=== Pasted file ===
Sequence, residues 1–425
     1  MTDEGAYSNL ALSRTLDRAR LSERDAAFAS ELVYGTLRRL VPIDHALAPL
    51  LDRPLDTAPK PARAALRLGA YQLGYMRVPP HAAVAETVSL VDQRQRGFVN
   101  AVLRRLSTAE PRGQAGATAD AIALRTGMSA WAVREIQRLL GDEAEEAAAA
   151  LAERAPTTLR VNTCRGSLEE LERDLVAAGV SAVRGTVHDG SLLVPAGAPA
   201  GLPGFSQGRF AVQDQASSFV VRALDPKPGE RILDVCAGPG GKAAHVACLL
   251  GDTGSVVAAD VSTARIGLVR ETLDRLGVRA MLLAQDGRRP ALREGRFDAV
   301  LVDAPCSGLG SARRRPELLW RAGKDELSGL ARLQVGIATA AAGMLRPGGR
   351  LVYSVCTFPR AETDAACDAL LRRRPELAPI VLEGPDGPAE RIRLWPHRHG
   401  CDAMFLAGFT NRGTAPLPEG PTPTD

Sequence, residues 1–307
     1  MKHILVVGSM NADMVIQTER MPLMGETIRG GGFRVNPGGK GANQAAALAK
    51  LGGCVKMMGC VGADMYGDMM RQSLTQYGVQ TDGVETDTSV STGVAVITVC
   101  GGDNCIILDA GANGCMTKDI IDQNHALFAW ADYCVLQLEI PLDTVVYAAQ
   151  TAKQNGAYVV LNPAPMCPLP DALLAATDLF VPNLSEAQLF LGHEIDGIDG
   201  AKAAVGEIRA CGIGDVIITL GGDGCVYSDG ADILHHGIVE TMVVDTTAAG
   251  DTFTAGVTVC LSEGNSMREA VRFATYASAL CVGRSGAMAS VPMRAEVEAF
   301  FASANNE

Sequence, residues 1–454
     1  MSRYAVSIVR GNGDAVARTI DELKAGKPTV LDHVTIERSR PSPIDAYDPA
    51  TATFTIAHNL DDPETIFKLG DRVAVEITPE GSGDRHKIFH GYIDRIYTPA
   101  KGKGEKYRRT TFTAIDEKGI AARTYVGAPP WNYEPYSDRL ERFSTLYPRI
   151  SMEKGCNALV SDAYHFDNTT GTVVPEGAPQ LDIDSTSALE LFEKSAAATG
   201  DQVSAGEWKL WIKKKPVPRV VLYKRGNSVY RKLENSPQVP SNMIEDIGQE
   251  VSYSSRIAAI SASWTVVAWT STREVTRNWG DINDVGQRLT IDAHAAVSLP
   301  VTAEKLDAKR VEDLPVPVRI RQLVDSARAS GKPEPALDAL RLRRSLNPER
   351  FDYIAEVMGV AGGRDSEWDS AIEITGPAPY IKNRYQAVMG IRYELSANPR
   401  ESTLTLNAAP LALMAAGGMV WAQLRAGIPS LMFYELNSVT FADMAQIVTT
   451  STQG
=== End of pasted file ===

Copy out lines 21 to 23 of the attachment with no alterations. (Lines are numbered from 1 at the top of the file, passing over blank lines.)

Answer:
    51  TATFTIAHNL DDPETIFKLG DRVAVEITPE GSGDRHKIFH GYIDRIYTPA
   101  KGKGEKYRRT TFTAIDEKGI AARTYVGAPP WNYEPYSDRL ERFSTLYPRI
   151  SMEKGCNALV SDAYHFDNTT GTVVPEGAPQ LDIDSTSALE LFEKSAAATG